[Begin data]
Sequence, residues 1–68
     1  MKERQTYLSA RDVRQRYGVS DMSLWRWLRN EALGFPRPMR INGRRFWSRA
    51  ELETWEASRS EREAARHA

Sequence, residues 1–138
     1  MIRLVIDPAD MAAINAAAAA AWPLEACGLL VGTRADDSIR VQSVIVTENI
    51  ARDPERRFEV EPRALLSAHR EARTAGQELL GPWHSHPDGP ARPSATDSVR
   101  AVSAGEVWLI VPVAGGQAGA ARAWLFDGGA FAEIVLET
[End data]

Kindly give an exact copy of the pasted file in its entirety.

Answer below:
Sequence, residues 1–68
     1  MKERQTYLSA RDVRQRYGVS DMSLWRWLRN EALGFPRPMR INGRRFWSRA
    51  ELETWEASRS EREAARHA

Sequence, residues 1–138
     1  MIRLVIDPAD MAAINAAAAA AWPLEACGLL VGTRADDSIR VQSVIVTENI
    51  ARDPERRFEV EPRALLSAHR EARTAGQELL GPWHSHPDGP ARPSATDSVR
   101  AVSAGEVWLI VPVAGGQAGA ARAWLFDGGA FAEIVLET